Story of an Ungadgetted Technical Writer

Used with permission from Anagha Chandratrey.– Sharada Palagummi

I am a technical writer and of course, I deal with technical content.  I want to create great documentation.  I know that technical knowledge and language skills are important, but I also want to use state-of the-art methodologies and authoring tools. However, my company does not find it financially advisable to invest in them.

I sighed in despair whenever I heard all those words like DITA, Author-it, Documentum, WebWorks, single-sourcing, structured authoring and so on.  Oh, what a shame, I did not even work with FrameMaker and had never even seen SnagIT.

Whenever I read or heard about the latest tools or methodologies, I was all eyes and ears; wishing that I could be using them.  Friends suggested jumping, but I was quite happy with my company: my role and my work and, yes, my package too.

One day, while watching a movie, I suddenly told myself, “Don’t whine; THINK.” Then, I did something that changed my outlook.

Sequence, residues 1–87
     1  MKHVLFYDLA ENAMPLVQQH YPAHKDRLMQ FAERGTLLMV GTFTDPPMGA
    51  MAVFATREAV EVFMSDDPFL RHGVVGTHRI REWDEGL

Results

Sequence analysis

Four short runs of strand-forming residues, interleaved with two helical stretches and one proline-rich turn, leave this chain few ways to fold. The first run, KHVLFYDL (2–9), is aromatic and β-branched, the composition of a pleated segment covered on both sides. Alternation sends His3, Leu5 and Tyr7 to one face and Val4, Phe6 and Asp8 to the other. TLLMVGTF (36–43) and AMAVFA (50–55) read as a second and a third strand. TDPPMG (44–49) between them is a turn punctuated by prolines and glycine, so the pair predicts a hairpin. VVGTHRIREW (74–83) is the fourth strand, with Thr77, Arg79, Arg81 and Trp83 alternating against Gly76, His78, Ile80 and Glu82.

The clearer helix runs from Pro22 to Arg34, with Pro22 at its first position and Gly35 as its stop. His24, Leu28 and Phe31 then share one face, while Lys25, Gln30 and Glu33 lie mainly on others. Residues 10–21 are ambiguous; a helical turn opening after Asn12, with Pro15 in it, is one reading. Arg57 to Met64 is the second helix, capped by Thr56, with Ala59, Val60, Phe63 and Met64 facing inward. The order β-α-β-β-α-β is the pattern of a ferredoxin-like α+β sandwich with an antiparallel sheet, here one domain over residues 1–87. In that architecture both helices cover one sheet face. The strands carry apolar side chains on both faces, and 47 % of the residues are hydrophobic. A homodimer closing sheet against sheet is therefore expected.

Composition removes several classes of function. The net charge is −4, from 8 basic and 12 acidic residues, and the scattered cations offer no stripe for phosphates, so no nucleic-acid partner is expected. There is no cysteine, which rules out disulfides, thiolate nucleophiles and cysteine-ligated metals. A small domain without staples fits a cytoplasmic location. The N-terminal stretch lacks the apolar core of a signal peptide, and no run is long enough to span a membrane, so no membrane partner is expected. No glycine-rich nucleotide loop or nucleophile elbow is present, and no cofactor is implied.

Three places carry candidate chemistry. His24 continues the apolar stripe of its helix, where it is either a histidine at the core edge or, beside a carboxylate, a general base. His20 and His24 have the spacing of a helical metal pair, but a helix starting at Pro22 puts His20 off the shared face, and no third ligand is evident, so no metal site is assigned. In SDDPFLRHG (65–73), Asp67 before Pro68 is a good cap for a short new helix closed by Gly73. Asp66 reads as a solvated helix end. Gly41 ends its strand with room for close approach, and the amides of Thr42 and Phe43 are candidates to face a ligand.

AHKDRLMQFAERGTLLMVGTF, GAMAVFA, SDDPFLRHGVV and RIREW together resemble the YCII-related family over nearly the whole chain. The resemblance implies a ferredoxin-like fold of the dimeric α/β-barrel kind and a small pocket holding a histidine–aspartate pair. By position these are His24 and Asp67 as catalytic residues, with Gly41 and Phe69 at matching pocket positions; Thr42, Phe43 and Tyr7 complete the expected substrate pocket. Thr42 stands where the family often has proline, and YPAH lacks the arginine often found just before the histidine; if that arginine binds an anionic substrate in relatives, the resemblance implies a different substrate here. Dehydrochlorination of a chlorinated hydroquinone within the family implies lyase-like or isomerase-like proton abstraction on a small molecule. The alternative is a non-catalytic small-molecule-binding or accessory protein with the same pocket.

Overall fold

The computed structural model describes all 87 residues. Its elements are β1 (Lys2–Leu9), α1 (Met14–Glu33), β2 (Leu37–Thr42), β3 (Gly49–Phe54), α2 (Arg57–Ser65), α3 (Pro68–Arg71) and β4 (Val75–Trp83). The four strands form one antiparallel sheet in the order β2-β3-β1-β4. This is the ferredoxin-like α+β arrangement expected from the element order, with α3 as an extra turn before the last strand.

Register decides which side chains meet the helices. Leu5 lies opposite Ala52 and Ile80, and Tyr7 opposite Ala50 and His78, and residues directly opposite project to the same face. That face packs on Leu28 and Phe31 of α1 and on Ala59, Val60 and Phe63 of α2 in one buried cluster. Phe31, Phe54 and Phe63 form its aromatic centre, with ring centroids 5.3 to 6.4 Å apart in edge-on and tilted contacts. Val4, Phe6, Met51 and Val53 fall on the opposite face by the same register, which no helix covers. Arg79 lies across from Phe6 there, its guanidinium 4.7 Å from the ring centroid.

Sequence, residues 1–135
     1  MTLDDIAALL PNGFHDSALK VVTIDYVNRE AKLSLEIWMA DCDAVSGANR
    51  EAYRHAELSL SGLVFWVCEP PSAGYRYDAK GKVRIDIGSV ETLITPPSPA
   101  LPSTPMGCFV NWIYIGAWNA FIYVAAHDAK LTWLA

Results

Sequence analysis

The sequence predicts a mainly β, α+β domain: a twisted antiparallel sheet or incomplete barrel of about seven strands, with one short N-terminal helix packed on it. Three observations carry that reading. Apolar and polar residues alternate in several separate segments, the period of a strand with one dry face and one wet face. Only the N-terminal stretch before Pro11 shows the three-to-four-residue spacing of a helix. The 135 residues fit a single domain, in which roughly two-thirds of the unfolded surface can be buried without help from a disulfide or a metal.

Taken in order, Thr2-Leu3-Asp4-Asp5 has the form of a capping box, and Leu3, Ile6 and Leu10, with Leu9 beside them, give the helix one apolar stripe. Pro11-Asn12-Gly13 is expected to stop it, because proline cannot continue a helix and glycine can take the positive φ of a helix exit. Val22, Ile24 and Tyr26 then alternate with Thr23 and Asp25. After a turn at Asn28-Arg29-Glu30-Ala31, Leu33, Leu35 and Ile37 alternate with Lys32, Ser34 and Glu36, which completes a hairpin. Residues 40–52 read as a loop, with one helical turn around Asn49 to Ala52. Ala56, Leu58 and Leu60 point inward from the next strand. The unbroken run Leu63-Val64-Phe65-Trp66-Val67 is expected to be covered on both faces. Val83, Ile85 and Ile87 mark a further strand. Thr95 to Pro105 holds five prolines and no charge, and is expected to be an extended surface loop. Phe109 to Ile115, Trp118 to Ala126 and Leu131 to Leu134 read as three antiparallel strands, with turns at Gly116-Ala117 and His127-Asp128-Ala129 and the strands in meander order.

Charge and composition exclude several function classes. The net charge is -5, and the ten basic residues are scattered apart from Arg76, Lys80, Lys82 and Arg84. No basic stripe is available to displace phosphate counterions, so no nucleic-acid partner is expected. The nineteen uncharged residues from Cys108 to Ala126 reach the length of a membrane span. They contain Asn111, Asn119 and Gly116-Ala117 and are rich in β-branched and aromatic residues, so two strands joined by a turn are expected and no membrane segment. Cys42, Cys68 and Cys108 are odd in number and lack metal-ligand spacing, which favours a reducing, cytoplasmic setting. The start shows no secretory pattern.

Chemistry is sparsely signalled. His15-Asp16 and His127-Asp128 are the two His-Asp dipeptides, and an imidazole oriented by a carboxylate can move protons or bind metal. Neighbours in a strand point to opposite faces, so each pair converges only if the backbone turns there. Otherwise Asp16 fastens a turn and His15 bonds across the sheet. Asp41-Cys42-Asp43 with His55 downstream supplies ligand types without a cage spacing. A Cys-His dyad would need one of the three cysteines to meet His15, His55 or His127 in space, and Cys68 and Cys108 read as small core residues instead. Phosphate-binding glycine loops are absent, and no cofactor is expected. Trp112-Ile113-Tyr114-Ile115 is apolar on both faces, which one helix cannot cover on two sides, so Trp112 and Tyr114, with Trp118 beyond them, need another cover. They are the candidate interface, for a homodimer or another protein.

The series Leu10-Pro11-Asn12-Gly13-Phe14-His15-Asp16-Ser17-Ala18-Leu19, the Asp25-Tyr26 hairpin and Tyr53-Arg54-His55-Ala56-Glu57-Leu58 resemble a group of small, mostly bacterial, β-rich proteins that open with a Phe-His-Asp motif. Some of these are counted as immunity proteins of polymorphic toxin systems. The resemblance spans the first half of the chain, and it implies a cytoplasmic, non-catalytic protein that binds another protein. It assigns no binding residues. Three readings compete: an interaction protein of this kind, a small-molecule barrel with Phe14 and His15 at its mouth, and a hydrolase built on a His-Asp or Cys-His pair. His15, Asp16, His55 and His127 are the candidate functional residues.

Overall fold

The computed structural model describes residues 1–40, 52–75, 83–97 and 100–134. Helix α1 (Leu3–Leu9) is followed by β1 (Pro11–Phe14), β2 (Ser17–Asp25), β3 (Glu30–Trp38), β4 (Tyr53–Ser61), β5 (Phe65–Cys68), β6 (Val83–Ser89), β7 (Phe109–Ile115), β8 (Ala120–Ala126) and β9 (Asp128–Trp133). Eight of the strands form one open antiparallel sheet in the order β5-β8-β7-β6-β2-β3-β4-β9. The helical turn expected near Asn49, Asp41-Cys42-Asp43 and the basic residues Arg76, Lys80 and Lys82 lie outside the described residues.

No more did Epic Editor bring epic images in front of my eyes; Benhur and Ten Commandments stopped bothering me.  I stopped imaging DITA as dominant and recessive genes (of course, though Darwin himself did not know much about genetics) and in the Mentos ad.  I did not feel stupid when I heard all the buzz words.

This is what I did…

I started reading about DITA, Author-it, DocBook, Documentum, single sourcing, structured authoring, information mapping and so on in detail. I tried to apply the knowledge to my scenarios.

For example, when I read about DITA, I read about specialization and inheritance, information typing, and architecture.  I concentrated on information typing; I opened a couple of recent user manuals we developed and associated terms such as concept, task, reference, message and typed phrase with the text in the manuals.  I understood the nuances of semantics of topics and semantics of content.

I opened my dictionary and looked up specialize and inherit.  The meanings “adapt or set apart (an organ or part) to serve a special function or to suit a particular way of life” in the context of biology and “derive (a quality, characteristic, or predisposition) genetically from one’s parents or ancestors” in the context of genetics helped me to understand what DITA is trying to do.

I read about the way Author-it stores all information as objects in a central database, giving authors the ability to combine and reuse objects in various ways.